Findings from the recent United Potato Growers’ Crop Transition Conference have determined the appropriate shipments on several varieties of potatoes for U.S. and Canadian growers in order to move new crop as it comes on, without compromising any old crop that is still available. Red potatoes are the cause for most concern.
The conference, held in Minnesota on June 20 examined the 12-week period from July 14 to September 29 for russet, red, yellow and round white potatoes. According to Kevin MacIsaac, general manager of the United Potato Growers of Canada, determining how the market can receive the potatoes in a sustainable way and not put pressure on pricing from areas all coming on at once is critical. Each variety shows a different picture.
MacIsaac says yellow potatoes will take care of themselves in terms of the supply that’s available “mostly because the demand for yellow is very good and something stores and chains want to promote.” A late spring in areas such as Wisconsin will allow other areas --such as Kern County -- good movement before more volume comes in. In Canada, he says not much volume is anticipated before the week of August 4.
“The issue in the industry this year would be with red potatoes,” MacIsaac says. “There is definitely a lot of old crop left to move in the Red River Valley.”
Minnesota and North Dakota won’t likely get all of their old crop into the market this year and he says they may have to dump the potatoes before the new crop comes along.
“With all of the old crop left, packers will try to put as many of them into the market as they can and unfortunately that will move the supply curve into when the new crop is coming on. The first area that comes on every year is Big Lake in Minnesota and they’re concerned that there will still be pressure on the old crop.”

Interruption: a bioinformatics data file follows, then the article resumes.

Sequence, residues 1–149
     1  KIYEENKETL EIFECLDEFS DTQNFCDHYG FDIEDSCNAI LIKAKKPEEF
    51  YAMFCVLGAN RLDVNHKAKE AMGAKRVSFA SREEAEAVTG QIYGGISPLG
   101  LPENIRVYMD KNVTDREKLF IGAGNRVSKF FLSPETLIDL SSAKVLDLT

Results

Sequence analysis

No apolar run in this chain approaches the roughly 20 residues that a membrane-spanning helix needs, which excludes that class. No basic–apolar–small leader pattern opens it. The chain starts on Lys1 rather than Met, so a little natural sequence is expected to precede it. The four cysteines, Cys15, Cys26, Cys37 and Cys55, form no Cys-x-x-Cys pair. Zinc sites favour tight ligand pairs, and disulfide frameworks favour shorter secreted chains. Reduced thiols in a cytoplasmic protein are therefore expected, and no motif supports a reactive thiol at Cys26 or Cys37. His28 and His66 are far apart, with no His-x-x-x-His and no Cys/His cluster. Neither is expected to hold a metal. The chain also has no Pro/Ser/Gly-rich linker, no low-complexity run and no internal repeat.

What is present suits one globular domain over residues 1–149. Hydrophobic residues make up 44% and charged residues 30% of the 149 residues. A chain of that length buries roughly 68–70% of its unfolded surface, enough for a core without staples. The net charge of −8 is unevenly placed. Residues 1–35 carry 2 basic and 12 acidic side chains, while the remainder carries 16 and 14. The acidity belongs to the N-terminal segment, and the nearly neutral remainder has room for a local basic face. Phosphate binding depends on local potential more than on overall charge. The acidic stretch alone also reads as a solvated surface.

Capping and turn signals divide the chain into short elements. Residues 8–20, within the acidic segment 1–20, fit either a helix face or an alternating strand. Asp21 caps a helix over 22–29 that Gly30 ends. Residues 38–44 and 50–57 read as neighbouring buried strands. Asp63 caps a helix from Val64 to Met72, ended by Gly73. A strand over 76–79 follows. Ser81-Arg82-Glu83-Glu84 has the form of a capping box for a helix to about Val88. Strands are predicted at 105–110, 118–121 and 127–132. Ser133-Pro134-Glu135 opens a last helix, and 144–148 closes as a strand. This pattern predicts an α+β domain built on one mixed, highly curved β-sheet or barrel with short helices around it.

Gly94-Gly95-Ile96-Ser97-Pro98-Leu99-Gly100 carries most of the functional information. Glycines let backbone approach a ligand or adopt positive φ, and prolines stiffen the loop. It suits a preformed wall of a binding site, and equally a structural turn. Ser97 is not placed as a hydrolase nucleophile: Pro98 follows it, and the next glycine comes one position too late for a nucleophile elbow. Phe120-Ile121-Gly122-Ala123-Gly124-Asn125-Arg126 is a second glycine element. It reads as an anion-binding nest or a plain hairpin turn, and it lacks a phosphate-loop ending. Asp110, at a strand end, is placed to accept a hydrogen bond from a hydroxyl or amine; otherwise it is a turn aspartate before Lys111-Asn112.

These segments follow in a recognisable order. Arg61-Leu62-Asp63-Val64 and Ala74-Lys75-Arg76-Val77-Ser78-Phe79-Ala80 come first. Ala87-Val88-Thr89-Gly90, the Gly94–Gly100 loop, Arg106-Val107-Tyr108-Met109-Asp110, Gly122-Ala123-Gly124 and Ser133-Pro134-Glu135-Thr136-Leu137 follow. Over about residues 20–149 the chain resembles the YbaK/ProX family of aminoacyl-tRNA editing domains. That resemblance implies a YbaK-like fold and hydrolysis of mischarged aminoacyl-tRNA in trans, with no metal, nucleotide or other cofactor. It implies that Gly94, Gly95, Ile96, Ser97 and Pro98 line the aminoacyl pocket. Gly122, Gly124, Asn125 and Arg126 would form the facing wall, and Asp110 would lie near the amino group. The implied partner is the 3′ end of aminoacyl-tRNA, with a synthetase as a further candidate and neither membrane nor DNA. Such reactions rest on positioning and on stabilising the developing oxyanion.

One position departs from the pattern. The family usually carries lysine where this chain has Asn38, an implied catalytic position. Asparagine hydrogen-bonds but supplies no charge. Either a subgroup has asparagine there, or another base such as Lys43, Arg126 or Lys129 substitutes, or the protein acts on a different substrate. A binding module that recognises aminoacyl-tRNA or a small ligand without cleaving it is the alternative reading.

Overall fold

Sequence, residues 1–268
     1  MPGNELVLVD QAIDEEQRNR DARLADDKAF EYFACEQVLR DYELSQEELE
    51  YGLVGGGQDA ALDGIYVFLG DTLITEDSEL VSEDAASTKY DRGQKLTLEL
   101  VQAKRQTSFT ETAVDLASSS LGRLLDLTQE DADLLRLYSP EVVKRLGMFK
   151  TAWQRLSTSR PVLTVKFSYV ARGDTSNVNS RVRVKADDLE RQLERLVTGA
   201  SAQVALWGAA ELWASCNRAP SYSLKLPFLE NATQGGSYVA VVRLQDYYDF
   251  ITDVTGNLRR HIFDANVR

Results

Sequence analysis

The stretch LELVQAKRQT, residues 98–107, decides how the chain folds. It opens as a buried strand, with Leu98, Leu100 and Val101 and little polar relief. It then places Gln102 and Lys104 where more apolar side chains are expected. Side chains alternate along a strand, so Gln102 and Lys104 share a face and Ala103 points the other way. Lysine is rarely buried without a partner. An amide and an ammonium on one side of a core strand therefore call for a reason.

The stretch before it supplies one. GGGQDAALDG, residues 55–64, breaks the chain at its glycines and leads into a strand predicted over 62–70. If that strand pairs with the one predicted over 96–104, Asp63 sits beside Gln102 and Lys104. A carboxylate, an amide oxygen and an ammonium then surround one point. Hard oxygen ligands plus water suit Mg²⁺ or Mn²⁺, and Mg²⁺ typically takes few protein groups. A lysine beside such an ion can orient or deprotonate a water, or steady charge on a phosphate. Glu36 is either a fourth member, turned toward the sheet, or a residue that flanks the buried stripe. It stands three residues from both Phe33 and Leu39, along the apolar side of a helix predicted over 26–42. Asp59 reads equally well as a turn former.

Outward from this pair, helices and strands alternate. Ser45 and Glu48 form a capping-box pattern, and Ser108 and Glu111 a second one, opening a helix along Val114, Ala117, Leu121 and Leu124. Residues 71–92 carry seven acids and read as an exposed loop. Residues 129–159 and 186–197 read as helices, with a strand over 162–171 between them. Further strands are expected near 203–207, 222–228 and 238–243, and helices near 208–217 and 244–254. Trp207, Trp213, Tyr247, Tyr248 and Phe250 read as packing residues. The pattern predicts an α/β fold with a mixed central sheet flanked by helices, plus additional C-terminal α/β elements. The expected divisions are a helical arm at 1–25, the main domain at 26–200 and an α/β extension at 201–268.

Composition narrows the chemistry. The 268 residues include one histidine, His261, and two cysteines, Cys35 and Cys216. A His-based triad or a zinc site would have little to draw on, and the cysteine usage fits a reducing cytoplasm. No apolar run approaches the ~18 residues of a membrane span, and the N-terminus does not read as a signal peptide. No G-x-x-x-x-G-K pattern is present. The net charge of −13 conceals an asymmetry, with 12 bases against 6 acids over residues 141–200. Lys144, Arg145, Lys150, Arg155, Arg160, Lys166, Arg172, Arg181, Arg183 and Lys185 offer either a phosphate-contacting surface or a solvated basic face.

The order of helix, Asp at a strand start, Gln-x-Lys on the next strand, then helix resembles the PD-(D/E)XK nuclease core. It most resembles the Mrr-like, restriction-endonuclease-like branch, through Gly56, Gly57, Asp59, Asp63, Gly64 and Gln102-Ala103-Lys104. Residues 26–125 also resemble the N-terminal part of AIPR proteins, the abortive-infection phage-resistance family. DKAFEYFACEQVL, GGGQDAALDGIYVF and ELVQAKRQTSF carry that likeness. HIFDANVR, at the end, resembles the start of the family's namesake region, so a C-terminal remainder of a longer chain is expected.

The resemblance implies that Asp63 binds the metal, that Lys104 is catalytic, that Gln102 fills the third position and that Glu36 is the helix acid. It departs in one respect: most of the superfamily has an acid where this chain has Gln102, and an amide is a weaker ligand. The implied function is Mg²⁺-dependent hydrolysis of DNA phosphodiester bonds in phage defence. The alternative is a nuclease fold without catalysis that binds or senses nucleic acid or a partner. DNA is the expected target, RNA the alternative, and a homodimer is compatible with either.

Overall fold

Canada’s production is expected in the week of August 18.
Shipments of russets will be on the lower side for the first six weeks; MacIsaac says it’s lower than the three-year average, as a result of Wisconsin’s late start and a large reduction in carryover in Idaho. Canada’s russets will be ready the last week of September. “We will be handed a market based on what has happened in those weeks before.”
Canada’s new crop of round white potatoes is anticipated the week of July 21, but “not significant volume until the weeks starting with August 11.”
Crops in Ontario and Quebec were planted earlier and though he says they’re not large volumes they’re early and doing very well.
“That will be an advantage to the red crop for other varieties not coming on as soon,” says MacIssaac.”The eastern part of Canada has been late in planting, particularly in Prince Edward Island. There are excellent crops in the west – Manitoba has one of their best-looking crops ever to date. Alberta is also doing well.”
Communication is essential between shipping areas to give everyone a big picture of the volume being supplied to the market during the crop transition to ensure growers are profitable.
“That’s really always our consistent goal every year,” says MacIsaac. “One of the ways to do that is to know what you grow, what you supply and how it meets with what the market actually needs.”